We Are the 47%: The Lousy Math Behind Romney's Gaffe

Reporting on Politics and Policy.
Sept. 17 2012 5:25 PM

We Are the 47%: The Lousy Math Behind Romney's Gaffe

Way back in August 2011, when the Republican presidential primary was still in its race-to-the-right phase, I noticed that the contenders kept attacking "the 47 percent of Americans who don't pay taxes." Rick Perry, in his announcement speech, told activists that he and they were "dismayed at the injustice that nearly half of all Americans don't even pay any income tax." As stimulus-minded Obama tax policies increased the number of Americans who paid no net income taxes, Republicans started characterizing these people as entitled and basically enslaved -- moochers that the rest of us had to pay for. After the Occupy Wall Street-related Tumblr "We Are the 99%" went large, conservatives started a Tumbler titled "We Are the 53%." They were the makers; all of y'all were the takers.

David Weigel David Weigel

David Weigel is a Slate political reporter. 

Up to now, apart from a few slips, Mitt Romney had been sidestepping this front of the class war.* Right up until this fundraiser, video of which was leaked to David Corn.

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There's a lot here, but the main problem for Romney is that he goes even further than Perry in his critique of the people who don't pay income taxes. "There are 47 percent of the people who will vote for the president no matter what," he says. "All right, there are 47 percent who are with him, who are dependent upon government, who believe that they are victims, who believe the government has a responsibility to care for them, who believe that they are entitled to health care, to food, to housing, to you-name-it. That that's an entitlement. And the government should give it to them." And they're hopeless. "I'll never convince them they should take personal responsibility and care for their lives."

Got that? Romney is conflating the people who pay no net income tax with the people so dependent on government aid that they have to vote for Obama. But these aren't the same people! Most of the "lucky duckies," to use the classic WSJ term, are old people who subsist on Social Security. Elderly voters broke big for Republicans in 2010. Scores of poor whites who benefit from the Earned Income Tax Credit vote for Republicans.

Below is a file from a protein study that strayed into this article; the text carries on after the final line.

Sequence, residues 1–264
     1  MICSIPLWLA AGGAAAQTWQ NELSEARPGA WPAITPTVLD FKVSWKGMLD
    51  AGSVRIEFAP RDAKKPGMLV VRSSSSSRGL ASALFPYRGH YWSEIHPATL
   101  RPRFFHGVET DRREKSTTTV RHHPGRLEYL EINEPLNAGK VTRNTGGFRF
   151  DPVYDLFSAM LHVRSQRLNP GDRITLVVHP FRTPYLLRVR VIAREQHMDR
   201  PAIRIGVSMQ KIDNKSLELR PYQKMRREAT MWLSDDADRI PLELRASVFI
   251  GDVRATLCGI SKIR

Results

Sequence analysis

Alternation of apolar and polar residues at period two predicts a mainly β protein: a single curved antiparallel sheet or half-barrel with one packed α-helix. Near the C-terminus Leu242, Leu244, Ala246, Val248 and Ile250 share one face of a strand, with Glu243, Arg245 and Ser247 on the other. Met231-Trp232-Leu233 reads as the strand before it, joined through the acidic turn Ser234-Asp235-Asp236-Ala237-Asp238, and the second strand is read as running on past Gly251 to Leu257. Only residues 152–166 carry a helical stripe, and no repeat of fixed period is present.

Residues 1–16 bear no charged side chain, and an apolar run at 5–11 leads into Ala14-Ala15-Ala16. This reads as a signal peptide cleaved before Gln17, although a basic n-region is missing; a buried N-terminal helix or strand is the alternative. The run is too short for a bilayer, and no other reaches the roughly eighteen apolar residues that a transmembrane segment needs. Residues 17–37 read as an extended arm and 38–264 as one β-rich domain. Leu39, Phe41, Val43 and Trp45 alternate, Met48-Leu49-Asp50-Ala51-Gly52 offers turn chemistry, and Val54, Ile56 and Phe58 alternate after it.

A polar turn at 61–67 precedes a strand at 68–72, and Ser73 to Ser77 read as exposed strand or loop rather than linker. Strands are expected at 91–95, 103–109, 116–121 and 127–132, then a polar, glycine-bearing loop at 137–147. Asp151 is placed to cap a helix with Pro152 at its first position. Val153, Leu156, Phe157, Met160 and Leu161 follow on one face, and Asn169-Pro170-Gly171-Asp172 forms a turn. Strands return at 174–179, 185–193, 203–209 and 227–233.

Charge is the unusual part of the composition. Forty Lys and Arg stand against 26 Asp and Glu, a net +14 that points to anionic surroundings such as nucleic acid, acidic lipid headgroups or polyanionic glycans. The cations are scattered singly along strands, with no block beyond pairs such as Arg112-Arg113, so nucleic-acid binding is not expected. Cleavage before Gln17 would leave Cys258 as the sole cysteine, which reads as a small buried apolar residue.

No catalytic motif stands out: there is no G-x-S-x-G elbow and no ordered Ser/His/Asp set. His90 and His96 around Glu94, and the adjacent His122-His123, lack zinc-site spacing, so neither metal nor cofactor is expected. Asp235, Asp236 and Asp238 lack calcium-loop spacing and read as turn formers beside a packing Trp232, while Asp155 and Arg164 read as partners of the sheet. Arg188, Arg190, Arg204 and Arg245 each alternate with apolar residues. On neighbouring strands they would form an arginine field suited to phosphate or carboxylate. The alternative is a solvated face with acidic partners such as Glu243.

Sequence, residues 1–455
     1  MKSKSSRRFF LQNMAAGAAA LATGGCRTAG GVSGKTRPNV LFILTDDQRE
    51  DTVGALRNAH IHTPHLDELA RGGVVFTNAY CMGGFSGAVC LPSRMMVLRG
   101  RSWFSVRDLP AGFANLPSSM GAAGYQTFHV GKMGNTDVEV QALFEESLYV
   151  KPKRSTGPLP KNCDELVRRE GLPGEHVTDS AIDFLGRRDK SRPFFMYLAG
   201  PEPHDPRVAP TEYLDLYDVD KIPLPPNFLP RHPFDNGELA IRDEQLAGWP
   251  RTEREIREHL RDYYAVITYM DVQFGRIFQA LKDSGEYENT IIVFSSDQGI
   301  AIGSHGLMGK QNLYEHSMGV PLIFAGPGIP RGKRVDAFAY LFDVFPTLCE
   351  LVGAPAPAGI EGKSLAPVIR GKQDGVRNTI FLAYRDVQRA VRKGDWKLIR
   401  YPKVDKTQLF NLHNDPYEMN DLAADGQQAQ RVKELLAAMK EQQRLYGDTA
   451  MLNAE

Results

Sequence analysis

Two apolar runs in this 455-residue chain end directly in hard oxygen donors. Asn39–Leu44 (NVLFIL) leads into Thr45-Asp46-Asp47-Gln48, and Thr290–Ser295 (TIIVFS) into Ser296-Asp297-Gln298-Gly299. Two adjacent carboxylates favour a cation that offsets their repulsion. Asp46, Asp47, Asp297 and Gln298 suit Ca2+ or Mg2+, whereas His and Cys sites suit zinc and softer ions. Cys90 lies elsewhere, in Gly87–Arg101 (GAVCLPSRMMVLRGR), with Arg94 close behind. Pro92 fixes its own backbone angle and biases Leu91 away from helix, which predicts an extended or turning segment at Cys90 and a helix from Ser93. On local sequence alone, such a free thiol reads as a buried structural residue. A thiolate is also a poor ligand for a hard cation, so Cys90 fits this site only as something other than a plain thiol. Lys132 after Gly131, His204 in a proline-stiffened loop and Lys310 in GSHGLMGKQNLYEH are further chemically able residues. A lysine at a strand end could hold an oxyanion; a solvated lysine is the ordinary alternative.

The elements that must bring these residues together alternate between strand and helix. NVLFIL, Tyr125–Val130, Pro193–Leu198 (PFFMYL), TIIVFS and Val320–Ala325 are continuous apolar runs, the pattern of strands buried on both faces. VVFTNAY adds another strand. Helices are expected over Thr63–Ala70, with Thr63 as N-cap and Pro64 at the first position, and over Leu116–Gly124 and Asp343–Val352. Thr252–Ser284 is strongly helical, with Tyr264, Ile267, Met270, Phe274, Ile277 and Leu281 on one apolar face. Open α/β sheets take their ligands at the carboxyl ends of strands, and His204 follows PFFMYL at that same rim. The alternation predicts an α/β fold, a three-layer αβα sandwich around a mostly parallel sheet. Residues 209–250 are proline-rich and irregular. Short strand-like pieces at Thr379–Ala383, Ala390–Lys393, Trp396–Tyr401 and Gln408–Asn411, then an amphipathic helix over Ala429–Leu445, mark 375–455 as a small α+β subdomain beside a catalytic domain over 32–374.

So Romney's conflating two concepts. One is that people who pay no net income taxes don't understand the "cost" of government. The other is that the socialist Democrats are voting themselves back into power by creating a poorer, more dependent electorate -- one that gets by on food stamps and unearned welfare checks. This is Tea Party rhetoric churned into something new and stupid.

The Romney campaign's official clean-up quote (from Gail Gitcho) is... well, it's a little better.

Mitt Romney wants to help all Americans struggling in the Obama economy. As the governor has made clear all year, he is concerned about the growing number of people who are dependent on the federal government, including the record number of people who are on food stamps, nearly one in six Americans in poverty, and the 23 million Americans who are struggling to find work. Mitt Romney's plan creates 12 million new jobs in four years, grows the economy and moves Americans off of government dependency and into jobs.

There we go! The dumb voters that Obama's counting on are the one getting direct benefits, not the ones benefitting from temporary tax cut stimulus. I'm curious to see how conservatives interpret Romney's comment that he can't run on tax cuts, because one reason the "lucky ducky" number is so high is that both parties have been swiss-cheesing the code to win elections.

UPDATE: I wrote on Friday about how conservatives think Obama's giveaways are giving him the election, and now realize that Rush Limbaugh said almost exactly what Romney says here.

We have 48 million Americans, 47 million on food stamps and the regime is advertising for more, we have 47, 48 percent who pay no income taxes. We have 3 million more off the unemployment rolls and on the disability rolls, and they all vote.

*The main slip occured when Romney said he was "not concerned about the very poor," because they, unlike the middle class, have government benefits filling the month-to-month budget gaps.

David Weigel is a Slate political reporter. 

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